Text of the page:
- Seize the day with the badass data analyst
- Explore modern approaches to data analytics that unleash your brilliance.
- Five common data challenges
As a data analyst, you provide one of the most needed services in business today, triggering important decisions with the insights you provide while grappling with impossible deadlines, high expectations, and IT bottlenecks. From healthcare to government to higher education, organizations in every sector need data analysts.
Regardless of which industry you work in, collecting data and compiling your findings into reports that will help the business is a part of the job.
SECTION 1 LET’S DIVE IN
DATA ANALYSTS: BADASSES WHO PROPEL CHANGE
Your organization counts on you to answer the questions they pose with pinpoint accuracy. It’s vital to get the answers right, because decision-makers use those answers to make important choices. In your pressure-cooker role, it can be a challenge just to survive, much less thrive. Do it successfully, and you’ll achieve badass status.
SECTION 2 FIVE COMMON DATA CHALLENGES
1. DATA PREP IS WHERE TIME GOES TO DIE
Even though data prep and blend is only the first step in an analytic process, it’s vital to get right, so that when it’s time to generate insight, data is accurate. That’s why most analysts spend the bulk of their time wrangling data using manual processes, leaving little time for producing reports.
The data you work with exists across multiple file types—SQL databases, CSV, XML, Excel (XLSX) formats, and more. You need to bring together each piece of the data puzzle, but manual processes are not efficient for generating insights. Cleansing data from these formats requires a lot of copy/paste, formulas, or macros unless you happen to know Python, R, Pandas, or Jupyter.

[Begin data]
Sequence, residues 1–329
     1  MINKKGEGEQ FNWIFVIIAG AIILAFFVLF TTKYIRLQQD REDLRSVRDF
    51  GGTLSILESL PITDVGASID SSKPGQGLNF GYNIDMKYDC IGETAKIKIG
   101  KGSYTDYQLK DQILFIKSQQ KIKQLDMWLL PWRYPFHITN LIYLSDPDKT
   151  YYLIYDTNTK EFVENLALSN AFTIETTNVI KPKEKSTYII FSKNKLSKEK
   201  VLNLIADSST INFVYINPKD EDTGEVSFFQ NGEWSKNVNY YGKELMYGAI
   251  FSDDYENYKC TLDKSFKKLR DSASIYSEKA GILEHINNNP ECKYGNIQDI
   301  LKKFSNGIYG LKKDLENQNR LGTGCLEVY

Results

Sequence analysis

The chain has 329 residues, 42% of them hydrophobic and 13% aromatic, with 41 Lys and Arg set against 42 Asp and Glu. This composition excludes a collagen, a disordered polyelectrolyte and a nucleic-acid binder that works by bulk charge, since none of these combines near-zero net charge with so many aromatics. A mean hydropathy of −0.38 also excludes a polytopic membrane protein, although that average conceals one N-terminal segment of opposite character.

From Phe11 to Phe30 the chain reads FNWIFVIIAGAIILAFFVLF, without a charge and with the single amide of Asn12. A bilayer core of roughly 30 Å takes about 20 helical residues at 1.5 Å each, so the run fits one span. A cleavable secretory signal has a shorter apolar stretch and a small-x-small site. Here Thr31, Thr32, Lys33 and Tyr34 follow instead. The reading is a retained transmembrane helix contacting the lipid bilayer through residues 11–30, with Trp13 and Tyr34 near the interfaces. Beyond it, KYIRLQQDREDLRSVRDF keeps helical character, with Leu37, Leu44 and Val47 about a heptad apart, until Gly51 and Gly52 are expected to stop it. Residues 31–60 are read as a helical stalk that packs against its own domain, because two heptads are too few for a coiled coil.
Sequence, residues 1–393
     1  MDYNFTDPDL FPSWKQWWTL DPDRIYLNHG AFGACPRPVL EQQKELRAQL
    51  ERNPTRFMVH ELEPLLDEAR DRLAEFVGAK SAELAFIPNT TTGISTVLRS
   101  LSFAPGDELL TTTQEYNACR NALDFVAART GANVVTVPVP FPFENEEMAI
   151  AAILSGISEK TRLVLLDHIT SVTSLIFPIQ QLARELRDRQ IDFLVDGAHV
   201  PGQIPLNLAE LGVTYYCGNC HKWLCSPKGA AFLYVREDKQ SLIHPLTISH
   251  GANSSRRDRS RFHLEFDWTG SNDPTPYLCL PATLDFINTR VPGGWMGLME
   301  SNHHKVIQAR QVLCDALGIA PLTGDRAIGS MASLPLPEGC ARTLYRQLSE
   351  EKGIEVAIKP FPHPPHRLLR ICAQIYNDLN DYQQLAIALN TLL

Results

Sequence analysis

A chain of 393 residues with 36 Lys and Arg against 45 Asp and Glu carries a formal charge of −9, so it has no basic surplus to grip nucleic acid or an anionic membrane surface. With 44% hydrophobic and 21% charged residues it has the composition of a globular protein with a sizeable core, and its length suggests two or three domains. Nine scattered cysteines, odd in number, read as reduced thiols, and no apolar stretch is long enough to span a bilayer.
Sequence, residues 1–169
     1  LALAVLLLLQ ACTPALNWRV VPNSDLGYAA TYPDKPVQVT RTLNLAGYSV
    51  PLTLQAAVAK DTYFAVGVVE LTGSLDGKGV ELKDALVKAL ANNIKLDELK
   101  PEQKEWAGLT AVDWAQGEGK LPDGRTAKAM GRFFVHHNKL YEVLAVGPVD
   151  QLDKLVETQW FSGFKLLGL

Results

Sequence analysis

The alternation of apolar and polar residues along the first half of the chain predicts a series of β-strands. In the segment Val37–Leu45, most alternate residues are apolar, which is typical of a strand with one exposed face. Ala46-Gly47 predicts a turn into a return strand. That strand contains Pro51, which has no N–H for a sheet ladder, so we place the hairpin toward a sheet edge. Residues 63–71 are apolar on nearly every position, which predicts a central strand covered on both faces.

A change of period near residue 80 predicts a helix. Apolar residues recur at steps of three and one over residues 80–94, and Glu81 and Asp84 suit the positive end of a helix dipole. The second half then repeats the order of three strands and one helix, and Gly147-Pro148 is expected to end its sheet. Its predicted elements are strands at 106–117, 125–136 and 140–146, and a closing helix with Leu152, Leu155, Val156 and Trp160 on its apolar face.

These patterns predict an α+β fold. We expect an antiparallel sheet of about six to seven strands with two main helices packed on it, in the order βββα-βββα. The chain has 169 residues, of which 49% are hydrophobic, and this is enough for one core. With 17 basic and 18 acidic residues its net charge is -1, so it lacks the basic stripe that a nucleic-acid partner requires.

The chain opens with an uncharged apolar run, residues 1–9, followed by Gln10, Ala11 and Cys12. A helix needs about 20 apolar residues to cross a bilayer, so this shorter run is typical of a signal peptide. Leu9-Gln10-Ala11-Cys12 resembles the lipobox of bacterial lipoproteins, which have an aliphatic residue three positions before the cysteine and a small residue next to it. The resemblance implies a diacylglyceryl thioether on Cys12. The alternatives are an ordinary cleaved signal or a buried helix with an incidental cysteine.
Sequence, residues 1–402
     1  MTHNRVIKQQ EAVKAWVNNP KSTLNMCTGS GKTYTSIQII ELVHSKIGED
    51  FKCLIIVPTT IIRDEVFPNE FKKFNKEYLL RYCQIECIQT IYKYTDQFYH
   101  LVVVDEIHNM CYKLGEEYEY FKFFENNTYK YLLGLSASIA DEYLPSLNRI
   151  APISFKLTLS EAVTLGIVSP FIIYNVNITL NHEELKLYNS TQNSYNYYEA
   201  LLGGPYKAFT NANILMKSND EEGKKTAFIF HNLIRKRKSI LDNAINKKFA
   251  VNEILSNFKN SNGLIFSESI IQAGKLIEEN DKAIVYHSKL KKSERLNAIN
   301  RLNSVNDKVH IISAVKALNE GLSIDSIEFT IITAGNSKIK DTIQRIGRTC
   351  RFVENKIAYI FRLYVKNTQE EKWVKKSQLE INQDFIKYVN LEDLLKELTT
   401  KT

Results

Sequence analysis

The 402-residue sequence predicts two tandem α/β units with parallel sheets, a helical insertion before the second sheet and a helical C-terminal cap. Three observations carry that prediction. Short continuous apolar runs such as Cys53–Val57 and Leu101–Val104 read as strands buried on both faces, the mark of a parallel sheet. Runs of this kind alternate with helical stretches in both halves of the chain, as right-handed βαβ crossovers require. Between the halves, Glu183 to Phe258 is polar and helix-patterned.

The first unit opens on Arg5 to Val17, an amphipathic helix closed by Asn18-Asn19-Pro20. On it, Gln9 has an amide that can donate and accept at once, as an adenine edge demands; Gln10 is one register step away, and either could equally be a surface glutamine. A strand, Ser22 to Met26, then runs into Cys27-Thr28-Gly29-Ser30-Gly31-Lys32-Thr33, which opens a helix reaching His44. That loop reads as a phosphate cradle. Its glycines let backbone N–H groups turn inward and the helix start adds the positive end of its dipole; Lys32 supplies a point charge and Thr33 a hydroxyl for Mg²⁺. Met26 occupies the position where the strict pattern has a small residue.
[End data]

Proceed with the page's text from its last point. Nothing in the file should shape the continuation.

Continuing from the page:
If you do, you know that scripting languages are time-intensive and can be error-prone. If you don’t, some degree of manual reconciliation is your only option, and manual data work is mind-numbingly slow, inflexible, and error-prone.
Even if you are familiar with these or other tools, prepping data that can be “dirty” in a number of ways is still slow-going using traditional data-cleansing methods. Cleansing data isn’t limited to ensuring naming and abbreviation consistency, of course. You’re bound to encounter other prep and blend hurdles, like:
- Unit conversions, such as pounds to kilos or feet to yards
- Currency conversions
- Empty spaces
- Unrecognizable characters imported from non-English alphabets True/false records that need to become yes/no records (and vice versa)
- Null values that send your advanced analytics into a tailspin
- Records that contain unwanted characters like %, &, and other symbols or punctuation
- Non-identical duplicates, like “Maria Seelos” and “M. Seelos”
2. JOINING DATA SHOULDN’T BE A MARRIAGE OF INCONVENIENCE
To arrive at a usable answer from cleansed data, you likely have to join multiple sources of data, such as multiple spreadsheets and databases that are formatted in
a variety of ways.
Reports often require multiple programming languages and approaches to achieve your goal. From R to Python to SQL, from dplyr to sqldf to data.table, exploring and applying these solutions eats up time. SQL, R, and Python approaches can limit your flexibility when you want to use a single solution to: